Alexandria, Virginia shooter James T. Hodgkinson was certainly angry about the direction of the country, but his vision of America was prosaic and predictable—ripped from the pages of the Huffington Post. Branding himself a member of the “99 percent,” he advocated higher taxes on the rich, according to letters he sent to a local newspaper. He opposed the repeal of the Affordable Care Act, wanted Democrats to filibuster the nomination of Supreme Court nominee Neil Gorsuch, and supported the proposed Presidential Accountability Act, which extends conflict-of-interest laws for federal officials to the president and vice president, who are currently exempt. In other words, his was not the religious fervor of the jihadist seeking a caliphate, nor did he envision the sweeping historical dialectic of Das Kapital. His ideas weren’t even as dramatic as the cultural revolution imagined by the 1960s’ Yippie manifesto. Yet Hodgkinson was apparently willing to kill for higher marginal tax rates, stricter conflict-of-interest laws, and Obamacare. His was a terrorism constructed out of the narcissism of small differences.
Hodgkinson’s act only seems astonishing if you haven’t been paying attention to politics lately. When Donald Trump entered the Oval Office, he faced an opposition that ranged from virtually all Democrats to a generous collection of Republicans and conservatives. Many of us had already leveled a fair amount of criticism at him for his political ideas (or lack of them) and his temperament. Still, the early Trump presidency has been striking for the hyperbolic rhetoric that has accompanied almost any policy associated with his administration, including mundane ideas that he adopted from others after taking office. Republican efforts to replace the ACA—President Obama’s signature piece of domestic legislation, which is failing—with a modest bill that doesn’t go nearly as far as some wish has been branded by politicians and columnists as an “act of cruelty” likely to cost millions of lives. Those assertions have little grounding in the truth. Meanwhile, even the most modest cuts in Trump’s first budget have sparked comparisons with Ebenezer Scrooge. When, for instance, Trump’s budget director proposed eliminating a decades-old “anti-poverty” program that has never been shown to alleviate poverty, dishes out millions to wealthy communities to build amenities, and shrunk to a mere $3 billion annually under President Obama, critics called the move “devastating” and “an utter disaster,” sure to provoke “a crisis” in communities. That was mild stuff compared to what greeted the confirmation of charter school advocate Betsy DeVos as education secretary, including a tweet from a Vanity Fair editor who claimed her “policies will kill children.”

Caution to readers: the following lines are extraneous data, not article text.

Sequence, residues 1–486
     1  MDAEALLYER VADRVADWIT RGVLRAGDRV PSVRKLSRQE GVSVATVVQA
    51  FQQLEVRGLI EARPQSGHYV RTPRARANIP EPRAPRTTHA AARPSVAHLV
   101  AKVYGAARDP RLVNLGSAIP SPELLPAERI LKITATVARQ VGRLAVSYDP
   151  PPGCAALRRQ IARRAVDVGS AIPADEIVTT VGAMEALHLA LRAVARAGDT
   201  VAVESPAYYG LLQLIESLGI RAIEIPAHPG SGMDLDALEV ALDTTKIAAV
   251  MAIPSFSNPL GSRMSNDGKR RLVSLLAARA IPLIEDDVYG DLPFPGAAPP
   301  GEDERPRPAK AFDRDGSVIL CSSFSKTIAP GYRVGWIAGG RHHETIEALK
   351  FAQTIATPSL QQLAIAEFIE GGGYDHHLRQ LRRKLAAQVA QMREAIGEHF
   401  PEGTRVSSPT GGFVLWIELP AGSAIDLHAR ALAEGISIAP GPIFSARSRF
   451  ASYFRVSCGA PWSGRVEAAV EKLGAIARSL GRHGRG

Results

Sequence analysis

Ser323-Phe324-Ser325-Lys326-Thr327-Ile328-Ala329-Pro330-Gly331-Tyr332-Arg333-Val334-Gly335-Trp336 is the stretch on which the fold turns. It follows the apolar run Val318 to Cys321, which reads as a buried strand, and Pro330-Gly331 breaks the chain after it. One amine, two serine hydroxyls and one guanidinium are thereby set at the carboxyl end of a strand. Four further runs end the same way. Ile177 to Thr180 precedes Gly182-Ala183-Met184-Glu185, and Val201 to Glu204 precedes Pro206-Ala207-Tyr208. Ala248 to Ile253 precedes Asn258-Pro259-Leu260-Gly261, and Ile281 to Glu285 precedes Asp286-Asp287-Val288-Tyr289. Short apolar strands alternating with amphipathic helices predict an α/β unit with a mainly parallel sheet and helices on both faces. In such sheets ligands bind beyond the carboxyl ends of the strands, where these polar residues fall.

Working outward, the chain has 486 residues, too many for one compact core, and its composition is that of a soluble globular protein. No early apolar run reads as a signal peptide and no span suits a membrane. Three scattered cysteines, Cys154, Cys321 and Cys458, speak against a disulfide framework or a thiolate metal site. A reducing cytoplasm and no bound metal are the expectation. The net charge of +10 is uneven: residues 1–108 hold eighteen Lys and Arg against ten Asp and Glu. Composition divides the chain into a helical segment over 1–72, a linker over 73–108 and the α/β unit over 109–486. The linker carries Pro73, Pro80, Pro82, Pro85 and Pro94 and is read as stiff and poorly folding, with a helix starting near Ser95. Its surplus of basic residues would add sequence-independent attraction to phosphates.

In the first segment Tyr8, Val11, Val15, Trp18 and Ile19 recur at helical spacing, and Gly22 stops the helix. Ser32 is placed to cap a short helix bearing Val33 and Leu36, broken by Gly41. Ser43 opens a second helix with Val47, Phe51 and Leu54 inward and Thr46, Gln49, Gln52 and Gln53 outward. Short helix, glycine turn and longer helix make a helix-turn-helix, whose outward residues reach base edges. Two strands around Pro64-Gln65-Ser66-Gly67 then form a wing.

Hodgkinson apparently took much of this to heart. Though he displayed fits of anger and intolerance in the past, what apparently drove him into a murderous rage late in life was his fear that Trump was undermining progressive gains. To him, that amounted to Trump being a “traitor,” someone the resistance needed to “destroy.” His was an extreme version of the absolutism that has gripped the opposition, which must describe every idea associated with the Trump administration and every individual working in it in apocalyptic terms. This ignores the political reality that Trump’s most radical proposals have little chance of succeeding because of Republican opposition, and that his biggest accomplishments are almost certain to be the kinds of ideological course corrections that occur whenever the president of one party is succeeded by one from the other party.
Hodgkinson’s rage over Trump is even more troubling than the jihadist’s fervor or the anarchist’s nihilism because radicals are in pursuit of something far more transformational and unlikely than what Hodgkinson envisions. To many conservatives, including those who opposed Trump, the message in all of this is that the forces of resistance seem to be aimed not at Trump alone but at every idea that doesn’t fit their narrow agenda. No wonder that even centrist Democrats worry that their party is becoming as extreme—and narcissistic—as some Trumpian elements of the GOP.
Yesterday, as the political class remained fixed to TVs and the Internet, America carried on. Kids got picked up from soccer practice; workers fought their way home through traffic or on crowded trains; dogs went on with their doggy lives. James Hodgkinson, suburban homeowner and small businessman, might have been a part of this picture yesterday. But for some reason, he magnified comparatively small policy differences into an ideological gulf, the immensity of which drove him to commit a lethal act.
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